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Nowadays, political conversations — either in person or on social media — feature the ignorance of people unwilling to take in new information or consider new perspectives, favoring a horse-blinders approach dead set on the destination they already have in mind. Instead of attempting to reach a common ground for the sake of societal progress, they resort to charged words and sometimes offensive language that further polarizes people.
Climate change isn’t a bipartisan issue. It’s an indisputable, scientific fact. Yet, countless conservatives dismiss global warming because they don’t want to accept higher taxes for big money businesses, energy rationing and increased regulation. Consequently, the planet is left to suffer. And conservative constituents end up dismissing problems like climate change because of their loyalty to a political party.
This is not only a conservative, Republican problem. It applies to all parties, including liberal Democrats. “Liberal alarmism could be countered with arguments and with constructive policy alternatives to the administrative power grabs that the left prefers,” reports National Affairs and the American Enterprise Institute. And as I mentioned in my previous column, Democrats tend to embark in microtargeting, among other things, which spreads the party too thin across multiple groups. And Republicans hold on to their power by exploiting the filibuster and utilizing a destructive, sectarian style of partisan politics.
There are big changes happening in our country right now and the future looks pretty bleak as it concerns the stability of our nation and the dismantling of our democracy, according to experts on democracy and a recent National Urban League report. Polarization has been getting worse in the United States, culminating in the Jan. 6 insurrection. A Recent New York Times poll found 58 percent of voters believe the United States system of government does not work and needs major reforms or a complete overhaul. And 53 percent of voters believe the American political system is too divided to solve the nation's problems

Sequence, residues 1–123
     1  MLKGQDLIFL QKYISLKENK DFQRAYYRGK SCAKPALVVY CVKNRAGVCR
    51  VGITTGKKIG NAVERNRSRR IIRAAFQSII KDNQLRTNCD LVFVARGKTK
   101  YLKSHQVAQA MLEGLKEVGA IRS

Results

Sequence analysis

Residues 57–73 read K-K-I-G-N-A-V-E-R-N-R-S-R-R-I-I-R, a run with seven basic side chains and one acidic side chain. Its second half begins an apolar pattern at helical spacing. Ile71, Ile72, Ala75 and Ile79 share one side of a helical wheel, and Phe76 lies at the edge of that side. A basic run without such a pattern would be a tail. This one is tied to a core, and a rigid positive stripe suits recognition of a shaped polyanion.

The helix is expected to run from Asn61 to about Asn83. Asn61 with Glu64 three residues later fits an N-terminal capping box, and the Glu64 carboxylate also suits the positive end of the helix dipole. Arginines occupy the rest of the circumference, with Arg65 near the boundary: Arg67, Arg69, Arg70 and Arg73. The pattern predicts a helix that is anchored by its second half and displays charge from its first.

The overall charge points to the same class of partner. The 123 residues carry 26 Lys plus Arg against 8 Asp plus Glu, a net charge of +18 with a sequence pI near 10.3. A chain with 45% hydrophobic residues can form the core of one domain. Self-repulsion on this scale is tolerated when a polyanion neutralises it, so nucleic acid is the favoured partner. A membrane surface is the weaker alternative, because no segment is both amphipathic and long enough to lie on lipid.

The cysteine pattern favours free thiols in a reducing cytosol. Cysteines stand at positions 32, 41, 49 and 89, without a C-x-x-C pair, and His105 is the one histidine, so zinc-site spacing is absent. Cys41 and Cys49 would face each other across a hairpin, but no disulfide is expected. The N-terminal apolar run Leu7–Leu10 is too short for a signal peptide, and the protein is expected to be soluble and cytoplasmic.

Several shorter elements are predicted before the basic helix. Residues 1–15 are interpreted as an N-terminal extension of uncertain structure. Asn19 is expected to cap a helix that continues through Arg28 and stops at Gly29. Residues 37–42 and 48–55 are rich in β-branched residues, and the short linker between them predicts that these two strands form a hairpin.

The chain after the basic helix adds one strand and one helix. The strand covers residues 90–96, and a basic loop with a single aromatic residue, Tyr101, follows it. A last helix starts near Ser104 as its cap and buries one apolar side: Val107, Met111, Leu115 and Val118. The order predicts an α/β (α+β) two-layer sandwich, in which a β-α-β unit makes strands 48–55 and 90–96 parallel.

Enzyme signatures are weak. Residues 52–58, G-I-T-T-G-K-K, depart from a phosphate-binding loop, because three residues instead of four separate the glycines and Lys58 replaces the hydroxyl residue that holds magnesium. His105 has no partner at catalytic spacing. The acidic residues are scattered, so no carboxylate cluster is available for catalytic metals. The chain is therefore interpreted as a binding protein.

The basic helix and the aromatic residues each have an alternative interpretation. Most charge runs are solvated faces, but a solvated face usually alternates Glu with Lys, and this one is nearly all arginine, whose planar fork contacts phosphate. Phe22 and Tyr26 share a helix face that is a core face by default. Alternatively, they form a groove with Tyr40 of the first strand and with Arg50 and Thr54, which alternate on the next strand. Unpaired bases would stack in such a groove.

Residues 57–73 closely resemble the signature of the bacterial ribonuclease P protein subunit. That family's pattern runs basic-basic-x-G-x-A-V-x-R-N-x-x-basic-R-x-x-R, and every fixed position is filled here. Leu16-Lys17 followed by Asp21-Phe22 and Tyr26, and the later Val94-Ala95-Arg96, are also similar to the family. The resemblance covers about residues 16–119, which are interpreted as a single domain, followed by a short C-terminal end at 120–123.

But there is hope to still affect change — not just from lawmakers, but from everyday people, according to the studies of sociologist and social psychologist Robb Willer. He compares the current political sphere to that of a zombie apocalypse movie, with people mindlessly following pack leaders. The echo chambers people create on social media by only following people who align with their preconceived notions doesn’t create a space where much exchanging of ideas can occur and people will just become more cemented in their perspective instead of considering other solutions or stances on an issue.
“We find that liberals tend to endorse values like equality and fairness and care and protection from harm more than conservatives do,” according to Willer and Matthew Feinberg, assistant professor of organizational behavior at Rotman School of Management. “And conservatives tend to endorse values like loyalty, patriotism, respect for authority and moral purity more than liberals do”
So, the basis of the problem stems from different foundational ideologies. The way to move forward — and actually create progress — is to respect each other’s moral ideologies, by listening before presenting legitimate facts in an aim to at least find an agreeable compromise. This is echoed by political pundit Sally Kohn who argues that emotional correctness is crucial for true political change. By practicing emotional correctness and genuinely listening and showcasing compassion for respondents, people can transcend the boundaries of political differences and reach common ground.
“You can't get anyone to agree with you if they don't even listen to you first,” Kohn said. “We spend so much time talking past each other and not enough time talking through our disagreements. And if we can start to find compassion for one another, then we have a shot at building common ground.” The way political conversation can move forward is through the utilization of human compassion, rather than the isolating emotional detachment of reiterating points that can’t appeal to other people.
Nichole Shaw is a Gazette editorial fellow. Comments: firstname.lastname@example.org